Office areas will have two-lamp, 40 watt, heat-transfer type flourescent troffers at the center of each 5 ft. building module.  this will provide approximately 80 to 100 foot candles of maintained illumination.  Supply air hoods will be fitted over the troffer to force air into the space below.  Return air will pass through the lamp chamber removing the heat fromthe lamps as well as increasing light output.  Quartz iodine lamps in the 20 ft. high lobby area will illuminate thelobby & adjacent exterior overhang.

Studio production lighting will be plugged in to individually controlled20 & 50 ampere circuits at the ceiling catwalk & grid network.  Each circuit is directly connected through central path-panels & dimmer boards.  Lighting over the control console will come from adjustible quartz lamp fixtures mounted to continous plug-in track.   The beam pattern will be individually adjusted to eliminate stray light to the monitors while providing the desired color temperature of light source compatible with production lighting.

Completion of Gateway Tower is scheduled for 1968.  It is a joint venture of Columbia Broadcasting System & Transurban Redevelopment Corporation.  During construction CBS is being represented by Mr. Mike Salgo, Mr. Norman Brodessor & Mr. Joel Okum & Transurban by Mr. William E. Hutton;  Architects, Hellumth, Obata & Kassabaum represented by Mr. William J. Harris, Vice President;  General Contractor, C. Rallo Contracting Co. Inc. represented by Mr. Nick Rallo & Mr. Richard Dengler, Superintendent;  Mechanical / Electrical Engineer, William Tao & Associates represented by Mr. Richard A Kotteman.  For Sachs Electric, Project Engineers, Normal L. Krause & Ed Neidel;  General Forman, Homart Bamcom;  Foremen,  August Ziock & Gerald Walker.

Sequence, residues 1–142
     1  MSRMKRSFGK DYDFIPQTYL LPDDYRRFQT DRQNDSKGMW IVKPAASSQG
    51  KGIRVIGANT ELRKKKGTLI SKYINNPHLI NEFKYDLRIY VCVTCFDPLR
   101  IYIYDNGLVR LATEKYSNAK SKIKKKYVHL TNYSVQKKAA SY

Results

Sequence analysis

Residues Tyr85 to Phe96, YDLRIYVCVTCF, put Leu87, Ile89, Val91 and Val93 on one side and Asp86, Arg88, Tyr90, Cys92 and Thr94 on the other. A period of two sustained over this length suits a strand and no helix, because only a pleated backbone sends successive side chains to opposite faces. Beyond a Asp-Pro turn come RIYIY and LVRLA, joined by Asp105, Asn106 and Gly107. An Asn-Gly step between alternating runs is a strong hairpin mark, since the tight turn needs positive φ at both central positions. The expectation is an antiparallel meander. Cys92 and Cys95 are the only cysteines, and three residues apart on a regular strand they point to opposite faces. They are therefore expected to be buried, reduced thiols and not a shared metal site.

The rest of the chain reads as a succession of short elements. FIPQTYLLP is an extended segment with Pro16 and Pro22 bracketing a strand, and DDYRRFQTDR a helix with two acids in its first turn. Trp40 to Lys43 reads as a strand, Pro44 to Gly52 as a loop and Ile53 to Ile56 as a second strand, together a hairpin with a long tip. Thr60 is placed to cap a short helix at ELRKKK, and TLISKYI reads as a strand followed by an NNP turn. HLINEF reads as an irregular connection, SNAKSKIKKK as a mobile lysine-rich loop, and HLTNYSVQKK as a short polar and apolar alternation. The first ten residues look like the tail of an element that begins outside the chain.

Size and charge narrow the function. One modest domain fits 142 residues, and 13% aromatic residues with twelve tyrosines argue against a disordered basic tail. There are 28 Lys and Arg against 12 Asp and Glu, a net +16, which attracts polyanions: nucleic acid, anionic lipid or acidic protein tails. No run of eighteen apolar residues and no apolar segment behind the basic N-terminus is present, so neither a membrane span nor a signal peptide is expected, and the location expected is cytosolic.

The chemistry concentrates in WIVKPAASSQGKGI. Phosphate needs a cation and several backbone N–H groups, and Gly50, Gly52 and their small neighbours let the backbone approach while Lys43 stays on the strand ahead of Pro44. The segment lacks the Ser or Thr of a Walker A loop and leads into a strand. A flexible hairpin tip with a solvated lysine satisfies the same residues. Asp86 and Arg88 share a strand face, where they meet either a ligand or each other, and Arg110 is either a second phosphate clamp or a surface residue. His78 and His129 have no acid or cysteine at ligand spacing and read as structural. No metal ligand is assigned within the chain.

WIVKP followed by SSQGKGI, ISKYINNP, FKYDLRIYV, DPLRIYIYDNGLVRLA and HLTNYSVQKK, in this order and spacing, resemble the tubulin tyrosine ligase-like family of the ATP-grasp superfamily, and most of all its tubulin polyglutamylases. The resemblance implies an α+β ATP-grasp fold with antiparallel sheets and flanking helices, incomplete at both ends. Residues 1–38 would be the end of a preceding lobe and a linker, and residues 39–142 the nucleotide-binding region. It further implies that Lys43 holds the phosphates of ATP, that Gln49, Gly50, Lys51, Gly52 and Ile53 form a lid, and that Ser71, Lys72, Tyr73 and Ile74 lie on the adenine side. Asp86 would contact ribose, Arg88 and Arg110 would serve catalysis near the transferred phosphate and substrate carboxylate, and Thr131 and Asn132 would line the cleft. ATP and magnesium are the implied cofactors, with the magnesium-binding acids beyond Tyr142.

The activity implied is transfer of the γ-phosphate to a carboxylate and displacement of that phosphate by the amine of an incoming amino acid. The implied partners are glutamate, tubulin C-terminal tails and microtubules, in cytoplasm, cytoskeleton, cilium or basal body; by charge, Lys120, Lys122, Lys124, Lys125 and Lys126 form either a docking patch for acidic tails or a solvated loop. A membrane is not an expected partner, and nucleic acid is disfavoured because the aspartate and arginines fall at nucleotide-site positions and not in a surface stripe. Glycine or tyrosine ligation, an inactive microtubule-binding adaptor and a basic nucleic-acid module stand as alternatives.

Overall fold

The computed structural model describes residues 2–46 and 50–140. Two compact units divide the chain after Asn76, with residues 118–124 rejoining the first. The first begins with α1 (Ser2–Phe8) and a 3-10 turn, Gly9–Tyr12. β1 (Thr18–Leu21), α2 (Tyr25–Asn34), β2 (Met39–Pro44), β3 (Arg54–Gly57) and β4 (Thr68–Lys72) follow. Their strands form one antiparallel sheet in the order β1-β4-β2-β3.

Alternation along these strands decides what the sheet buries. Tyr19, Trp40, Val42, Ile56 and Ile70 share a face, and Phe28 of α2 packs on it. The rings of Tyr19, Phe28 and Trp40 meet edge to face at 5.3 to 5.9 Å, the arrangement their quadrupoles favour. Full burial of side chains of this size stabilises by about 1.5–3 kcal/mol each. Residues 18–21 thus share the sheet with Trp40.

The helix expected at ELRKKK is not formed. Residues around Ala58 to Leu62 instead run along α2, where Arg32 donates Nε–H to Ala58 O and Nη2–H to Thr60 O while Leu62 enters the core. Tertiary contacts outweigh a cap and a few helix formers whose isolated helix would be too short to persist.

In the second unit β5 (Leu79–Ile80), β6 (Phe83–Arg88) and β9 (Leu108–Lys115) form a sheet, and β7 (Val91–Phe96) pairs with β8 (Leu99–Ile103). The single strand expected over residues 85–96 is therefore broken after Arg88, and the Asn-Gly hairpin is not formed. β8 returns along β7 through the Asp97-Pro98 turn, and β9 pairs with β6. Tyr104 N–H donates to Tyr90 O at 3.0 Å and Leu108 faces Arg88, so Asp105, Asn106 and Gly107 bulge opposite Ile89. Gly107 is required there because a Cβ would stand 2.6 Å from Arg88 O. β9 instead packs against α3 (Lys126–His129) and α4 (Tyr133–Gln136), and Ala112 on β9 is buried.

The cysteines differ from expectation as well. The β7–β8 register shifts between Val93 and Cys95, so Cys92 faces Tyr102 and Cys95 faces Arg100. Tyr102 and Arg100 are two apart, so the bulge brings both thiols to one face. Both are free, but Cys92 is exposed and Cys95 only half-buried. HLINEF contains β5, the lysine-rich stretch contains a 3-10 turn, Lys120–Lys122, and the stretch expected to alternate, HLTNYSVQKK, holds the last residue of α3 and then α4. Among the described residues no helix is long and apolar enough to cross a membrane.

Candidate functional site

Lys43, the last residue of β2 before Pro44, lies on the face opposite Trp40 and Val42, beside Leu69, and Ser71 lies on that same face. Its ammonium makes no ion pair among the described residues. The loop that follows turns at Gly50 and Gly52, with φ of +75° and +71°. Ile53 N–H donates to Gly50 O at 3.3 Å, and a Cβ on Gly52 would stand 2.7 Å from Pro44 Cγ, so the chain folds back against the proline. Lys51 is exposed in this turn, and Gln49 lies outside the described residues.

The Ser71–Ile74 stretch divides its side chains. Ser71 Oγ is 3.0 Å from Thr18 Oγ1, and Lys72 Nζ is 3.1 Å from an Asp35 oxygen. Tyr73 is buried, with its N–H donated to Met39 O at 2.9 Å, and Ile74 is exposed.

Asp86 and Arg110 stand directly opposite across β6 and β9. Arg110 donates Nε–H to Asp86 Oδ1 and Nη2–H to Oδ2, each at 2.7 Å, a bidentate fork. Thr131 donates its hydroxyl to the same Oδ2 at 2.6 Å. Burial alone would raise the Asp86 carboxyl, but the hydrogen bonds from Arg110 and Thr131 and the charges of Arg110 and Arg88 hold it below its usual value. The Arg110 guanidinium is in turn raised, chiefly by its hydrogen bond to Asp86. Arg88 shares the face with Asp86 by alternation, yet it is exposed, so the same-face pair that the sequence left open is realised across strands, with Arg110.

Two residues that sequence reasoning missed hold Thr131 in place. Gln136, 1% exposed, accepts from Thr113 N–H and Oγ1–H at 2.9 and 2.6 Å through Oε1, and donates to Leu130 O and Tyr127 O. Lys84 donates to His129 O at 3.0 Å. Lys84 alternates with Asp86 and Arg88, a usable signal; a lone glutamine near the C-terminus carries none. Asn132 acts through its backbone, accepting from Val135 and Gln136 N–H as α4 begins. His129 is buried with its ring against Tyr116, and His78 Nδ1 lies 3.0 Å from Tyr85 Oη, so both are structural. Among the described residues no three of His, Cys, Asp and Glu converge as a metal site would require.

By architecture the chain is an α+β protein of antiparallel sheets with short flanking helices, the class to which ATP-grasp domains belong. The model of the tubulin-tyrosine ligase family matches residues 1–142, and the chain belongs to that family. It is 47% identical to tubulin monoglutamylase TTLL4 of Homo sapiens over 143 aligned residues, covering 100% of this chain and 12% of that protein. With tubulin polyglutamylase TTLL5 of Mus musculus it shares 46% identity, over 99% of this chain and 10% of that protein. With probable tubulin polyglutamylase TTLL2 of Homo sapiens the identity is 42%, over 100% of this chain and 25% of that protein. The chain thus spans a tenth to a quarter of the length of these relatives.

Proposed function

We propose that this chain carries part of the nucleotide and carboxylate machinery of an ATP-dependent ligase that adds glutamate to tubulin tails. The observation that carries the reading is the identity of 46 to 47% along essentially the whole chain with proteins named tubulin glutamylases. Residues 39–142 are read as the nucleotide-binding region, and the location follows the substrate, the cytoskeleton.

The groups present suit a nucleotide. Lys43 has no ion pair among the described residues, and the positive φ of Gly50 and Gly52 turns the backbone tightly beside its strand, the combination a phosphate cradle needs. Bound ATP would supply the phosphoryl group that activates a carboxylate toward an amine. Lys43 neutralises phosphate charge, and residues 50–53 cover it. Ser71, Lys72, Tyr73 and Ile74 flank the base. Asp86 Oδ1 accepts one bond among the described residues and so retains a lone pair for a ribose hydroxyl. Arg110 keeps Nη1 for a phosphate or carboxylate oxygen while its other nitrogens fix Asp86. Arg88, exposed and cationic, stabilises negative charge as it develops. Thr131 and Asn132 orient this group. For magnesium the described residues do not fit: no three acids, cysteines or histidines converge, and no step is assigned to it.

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Gus Ziock
1970

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Gus Ziock, his niece Corrine Palmer & her mother (Guses sister) Lil Ziock Palmer ~ Photographed 1970 at Guses 25th wedding anniversary.

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Gus Ziock
1974



Obituary appeared in St. Louis Post Dispatch - 13 Sept. 1976

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Entrance to Shephard Hill Cemetery on old Hwy. M where my father, August T. Ziock is buried.   Photographed: 1 June 2002

 

Gus Ziock's tombstone at Shephard Hills Cemetery, Jefferson County, Missouri.  My mother later remarried & is buried by her 3rd husband in Redbud Memorial Gardens, Potosi, Mo.